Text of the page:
KAMINSKY:   So, I mean, abortion is already legal and not particularly restricted in Colorado.  What do you think would change if Democrats had control?

WOODS:  I think that, um, –.  You know, the other part of it is, I’m being called out because I’ve chosen to forgive Donald Trump’s comments and support him continually.

KAMINSKY:   Mm-hmm.

WOODS:  Um, so, that’s an attack on religious freedom.  Those are the little subtle things that I see going on in our country.  There’s a judge in Alabama who is being removed from his office and the bench because or – over religious freedom issues.  So, I think this is something that is going to come across the country, not necessarily just in Colorado.

KAMINSKY:   I’m very curious – since you brought it up, and without getting too much into any kind of “for” or “against” Trump debate.  You’re supporting Donald Trump, and I’m kind of – I don’t know.  Anyway, it’s not important.  Um, how is the Donald Trump race – if at all – impacting a state Senate race, impacting you?  Or is it?

WOODS:  I have no way to know what – uh, how the presidential races are impacting this district.  It seems like, in a presidential year the Democrat won this seat by 580 votes.  In a Republican wave of 2014, I only won it by 660 votes.  So, the electorate is the big question mark this year.

KAMINSKY:  Mm-hmm.

WOODS:  Are there brand new voters for the first time coming out to vote because either Bernie Sanders or Donald Trump stirred them up and they’re interested in voting either for or against one of the candidates.


WOODS:  So that’s a possibility.  So that’s the great unknown.

KAMINSKY:  Isn’t it funny how few people talk about Hillary?  Which she is perfectly happy about at this point, right?  I mean, she’s off the campaign trail.  And you correctly mention, you know, Bernie and Donald as the people who are stirring people up – either for or against — but [exasperated chuckle]  Hillary is just — Ugh!  I know.  It’s not your thing, but–.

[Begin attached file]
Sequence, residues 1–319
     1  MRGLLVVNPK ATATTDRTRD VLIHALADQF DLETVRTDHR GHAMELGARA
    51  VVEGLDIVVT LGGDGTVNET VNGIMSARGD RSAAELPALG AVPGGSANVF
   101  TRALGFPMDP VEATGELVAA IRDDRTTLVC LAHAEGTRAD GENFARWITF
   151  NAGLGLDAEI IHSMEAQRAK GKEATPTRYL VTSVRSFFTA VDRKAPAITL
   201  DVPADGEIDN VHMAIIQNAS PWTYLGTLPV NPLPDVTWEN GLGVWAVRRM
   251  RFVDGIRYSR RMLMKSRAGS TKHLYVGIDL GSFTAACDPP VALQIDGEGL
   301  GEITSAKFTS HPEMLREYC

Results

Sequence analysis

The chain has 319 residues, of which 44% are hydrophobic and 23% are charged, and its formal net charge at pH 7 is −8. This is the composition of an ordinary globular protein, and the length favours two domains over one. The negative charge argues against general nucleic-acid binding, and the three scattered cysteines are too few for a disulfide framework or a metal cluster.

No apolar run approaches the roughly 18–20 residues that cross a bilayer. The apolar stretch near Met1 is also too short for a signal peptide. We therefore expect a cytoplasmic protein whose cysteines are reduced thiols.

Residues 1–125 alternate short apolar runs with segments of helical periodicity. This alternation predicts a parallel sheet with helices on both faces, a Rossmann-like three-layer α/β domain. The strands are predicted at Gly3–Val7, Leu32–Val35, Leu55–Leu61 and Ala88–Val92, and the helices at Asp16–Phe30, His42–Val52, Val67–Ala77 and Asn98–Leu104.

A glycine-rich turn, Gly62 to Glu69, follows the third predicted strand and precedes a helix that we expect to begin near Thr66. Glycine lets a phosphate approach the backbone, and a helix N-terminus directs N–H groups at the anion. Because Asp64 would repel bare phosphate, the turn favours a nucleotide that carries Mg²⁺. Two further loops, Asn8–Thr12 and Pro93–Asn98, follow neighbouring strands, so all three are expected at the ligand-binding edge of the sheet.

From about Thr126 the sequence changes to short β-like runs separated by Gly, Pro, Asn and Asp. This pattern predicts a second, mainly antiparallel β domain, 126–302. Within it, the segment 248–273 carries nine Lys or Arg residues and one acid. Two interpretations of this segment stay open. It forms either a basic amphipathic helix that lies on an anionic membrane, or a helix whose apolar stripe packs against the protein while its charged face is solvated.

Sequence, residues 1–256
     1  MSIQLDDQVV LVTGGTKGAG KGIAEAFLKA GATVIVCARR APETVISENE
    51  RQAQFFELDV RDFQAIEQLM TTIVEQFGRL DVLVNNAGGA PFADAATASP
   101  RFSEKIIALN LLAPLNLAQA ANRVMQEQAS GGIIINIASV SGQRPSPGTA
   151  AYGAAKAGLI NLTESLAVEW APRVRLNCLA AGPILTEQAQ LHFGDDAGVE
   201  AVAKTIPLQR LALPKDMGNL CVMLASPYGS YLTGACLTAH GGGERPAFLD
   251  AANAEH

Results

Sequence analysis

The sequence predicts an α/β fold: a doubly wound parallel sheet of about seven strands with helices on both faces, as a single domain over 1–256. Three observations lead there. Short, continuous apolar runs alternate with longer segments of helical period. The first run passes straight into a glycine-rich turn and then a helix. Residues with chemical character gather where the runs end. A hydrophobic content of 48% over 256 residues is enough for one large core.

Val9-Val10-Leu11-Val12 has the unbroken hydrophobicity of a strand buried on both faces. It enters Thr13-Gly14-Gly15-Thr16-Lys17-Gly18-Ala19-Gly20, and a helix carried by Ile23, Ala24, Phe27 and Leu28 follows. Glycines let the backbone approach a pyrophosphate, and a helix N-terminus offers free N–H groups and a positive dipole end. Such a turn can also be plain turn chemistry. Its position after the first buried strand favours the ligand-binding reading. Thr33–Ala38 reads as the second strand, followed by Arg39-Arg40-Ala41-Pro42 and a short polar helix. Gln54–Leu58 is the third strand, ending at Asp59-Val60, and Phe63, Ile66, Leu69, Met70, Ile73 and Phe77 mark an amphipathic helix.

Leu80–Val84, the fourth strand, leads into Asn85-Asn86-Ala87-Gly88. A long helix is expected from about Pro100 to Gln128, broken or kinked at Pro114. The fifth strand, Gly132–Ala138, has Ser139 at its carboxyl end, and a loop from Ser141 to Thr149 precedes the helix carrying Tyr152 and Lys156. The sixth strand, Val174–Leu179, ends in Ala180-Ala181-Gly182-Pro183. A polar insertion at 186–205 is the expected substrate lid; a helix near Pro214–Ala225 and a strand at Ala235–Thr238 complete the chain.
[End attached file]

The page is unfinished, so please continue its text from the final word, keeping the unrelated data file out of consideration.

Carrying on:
WOODS:  Well, she’s got a lot to hide from.  I understand fully why she’s not doing press releases.  Her husband is a rapist.  And he has never denied those accusations that have been lobbied [sic] against him.  These women – Juanita Broderick and Gennifer Flowers – [are] the bravest women [empathetic grunt/sigh] that I’ve ever seen.  Under a threat of attack, they just continue to tell their stories.


WOODS:  And he doesn’t deny that.

KAMINSKY:  No.  And he settled with at least one of them, for like, 800 grand or something!

WOODS:  Mm-hmm.

KAMINSKY:  You know, I agree with you.  I’ve said it on the air that I think that Bill Clinton is a rapist.  And pretty courageous of you to say so, [as] someone running for office.  Um, so, in my opinion, State Senator Laura Woods, you’re fairly brave yourself.  And, um, — and I hope you can successfully fight against these hundreds of thousands of dollars being thrown against you in a smear campaign by a radical leftist California billionaire.  I find it pretty shameful that, uh – that that’s what’s going on. But, anyway, that’s what you’re up against.

That is what I’m up against.  [laughs]

KAMINSKY:  And I hope – I wish you all the best.

WOODS:  Thank you very much.

KAMINSKY:  And, uh, happy to have you back on the show anytime.  Thanks again for all you do for us in the state Senate.

WOODS:  Thank you, Ross.

KAMINSKY:  All right.  well, that’s an interesting thing, right?  How about that?  A state Senate office that was decided by less than a thousand votes in two elections in a row.  Right?  Once for a Democrat, once for a Republican.  And now you’ve got Tom Steyer – the same guy running the smear campaign against the Jeffco DA, Pete Wier, creating this fake organization –actually, no, it’s Soros in that one – creating this fake organization, Colorado Safety and Justice, making it sound like they’re a Colorado group when they’re not.   The registered agent isn’t in Colorado.  And, uh, it just goes to show:  Colorado really is a swing state.  And these out-of-state, leftist billionaires really do think that they can manipulate our politics.  It’s a remarkable, remarkable thing.